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Gladiolus Information
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Growing Gladiolus
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Explanation of Size and Classification
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Growing Gladiolus
The GLADIOLUS is an easy to grow flower that produces tall spikes in a rainbow of colours and bicolours in a range of sizes and forms. Large glads make an elegant statement in vases while miniatures being generally smaller in stature are great for arranging. Glads can provide colour in annual beds and borders. Plant them in groups of seven or more corms of the same colour for best effect. If you are primarily growing for cut flowers you may want to plant them in rows as it will be easier to tend to plants and harvest the flower stalks.

How to Grow Gladiolus

Given a few simple requirements, glads are easy to grow. They do well in a wide range of soil types, provided drainage is good, but they grow best in soil with a pH of 6.7 to 7. Most garden soil that will produce a good crop of vegetables or weeds will also grow good glads with little or no added fertilizer. Glads prefer full sunlight but will do reasonably well with a little high shade early morning or late afternoon. Good air circulation is desirable, so stay away from buildings or other obstructions, which might impede airflow.

Plow, rototill or spade your soil as you would for any other garden plants, it is best to move your glad planting from one area to another each year to help prevent disease carryover in the soil. If soil test or other reliable indicators points to lack of nutrients, a balanced commercial fertilizer such as 5-10-10 may be incorporated into the soil immediately prior to planting, at a rate of 2-3 pounds per 100 square feet. Avoid over fertilizing. Composted animal manure or leaves should be worked into the soil in the fall.

Once you receive your corms, they should be unpacked and be allowed to air in a cool location, such as your basement, until planting time.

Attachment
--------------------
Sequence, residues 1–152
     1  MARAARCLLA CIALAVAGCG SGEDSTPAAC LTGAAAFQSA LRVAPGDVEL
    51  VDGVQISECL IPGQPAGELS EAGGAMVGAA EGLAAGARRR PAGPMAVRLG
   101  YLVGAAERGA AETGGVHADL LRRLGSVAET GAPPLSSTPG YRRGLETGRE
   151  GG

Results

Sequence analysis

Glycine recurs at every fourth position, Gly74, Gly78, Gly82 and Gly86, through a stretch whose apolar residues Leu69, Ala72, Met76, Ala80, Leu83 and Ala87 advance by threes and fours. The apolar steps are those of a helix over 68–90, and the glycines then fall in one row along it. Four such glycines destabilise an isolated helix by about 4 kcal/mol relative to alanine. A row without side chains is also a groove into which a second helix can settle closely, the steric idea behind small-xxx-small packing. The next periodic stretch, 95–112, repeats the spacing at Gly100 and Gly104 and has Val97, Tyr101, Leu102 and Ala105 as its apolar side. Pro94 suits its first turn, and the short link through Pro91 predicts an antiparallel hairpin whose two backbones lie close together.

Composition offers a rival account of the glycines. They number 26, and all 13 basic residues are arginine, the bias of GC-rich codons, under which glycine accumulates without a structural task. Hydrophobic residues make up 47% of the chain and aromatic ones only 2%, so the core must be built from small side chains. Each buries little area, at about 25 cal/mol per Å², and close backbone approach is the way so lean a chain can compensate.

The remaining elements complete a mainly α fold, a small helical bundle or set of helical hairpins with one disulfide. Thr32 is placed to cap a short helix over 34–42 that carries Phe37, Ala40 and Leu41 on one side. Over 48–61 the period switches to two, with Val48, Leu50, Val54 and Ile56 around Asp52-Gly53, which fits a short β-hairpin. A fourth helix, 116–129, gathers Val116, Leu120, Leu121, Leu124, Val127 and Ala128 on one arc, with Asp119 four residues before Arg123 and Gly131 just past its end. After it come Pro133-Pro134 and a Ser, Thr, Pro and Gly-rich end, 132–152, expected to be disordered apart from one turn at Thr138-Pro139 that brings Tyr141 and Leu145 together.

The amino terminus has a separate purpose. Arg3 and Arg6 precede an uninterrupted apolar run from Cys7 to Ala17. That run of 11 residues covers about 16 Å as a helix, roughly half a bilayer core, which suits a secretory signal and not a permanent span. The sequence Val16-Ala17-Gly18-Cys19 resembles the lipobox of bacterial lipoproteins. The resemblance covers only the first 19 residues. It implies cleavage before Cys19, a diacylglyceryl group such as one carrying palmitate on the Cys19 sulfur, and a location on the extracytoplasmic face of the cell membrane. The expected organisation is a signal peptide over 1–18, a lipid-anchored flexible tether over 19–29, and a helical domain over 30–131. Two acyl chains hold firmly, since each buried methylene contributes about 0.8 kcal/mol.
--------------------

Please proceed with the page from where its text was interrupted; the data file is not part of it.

Your first planting should be when you would normally plant sweet corn in your area. Corms planted in cold soils are apt to rot before they begin to grow. Subsequent plantings at two-week intervals will ensure bloom over a long period of time. Large corms bloom earlier than smaller sizes and there are Early and Late blooming cultivars as well.( Canadian prairies with shorter seasons are recommended to grow Early to Midseason cultivars and larger size corms)

Plant corms three to five inches deep (about 4 times as deep as their diameter) and from four to six inches apart. Insecticide spread in the trench before covering will discourage underground insects. Before glads bloom, hilling soil six inches up around the stalk helps prevent the glads from tipping during storms. Remember that glads need plenty of water but will not tolerate wet feet. If drainage is a problem in your soil, rows should be raised to facilitate the process.

Weed by shallow cultivation and hand weeding. Avoid packing or heavy caking of soil surface, which prevents soil aeration. If available, a light mulch of straw, grass clippings etc., between rows will discourage weeds and help conserve moisture.
Insect control is important in growing glads. Pests include thrip, which is far the most damaging. Thrip are tiny insects, tan to black in colour and less than 1/8" length, can be controlled by several good combination sprays and dusts, including organic products that are available at your Garden Center. If you chose organic products more frequent applications will be needed.

If you live were the ground freezes you will need to dig your corms each year or if you choose not to dig, purchase new corms and treat them as an annual just as you would with impatiens and other annuals.

Glad corms should be lifted in fall before onset of ground freezing weather. About 6-8 weeks after blooming, the corms may be harvested by loosening the soil with a spade or digging fork so the plants can be pulled by hand. The plant should be separated from the corm as close to the corm as possible, either by hand breaking or with pruning shears. You should remove the old tops from the garden to prevent carry over disease. The corms should be cleaned or rinsed off with running water and then spread out to dry in shallow layers in trays or porous bags in an airy location that will not freeze for a period of 2-3 weeks. During this time a cork layer forms between the new corm and the old mother corm and roots. Break off and discard this corm as soon as possible.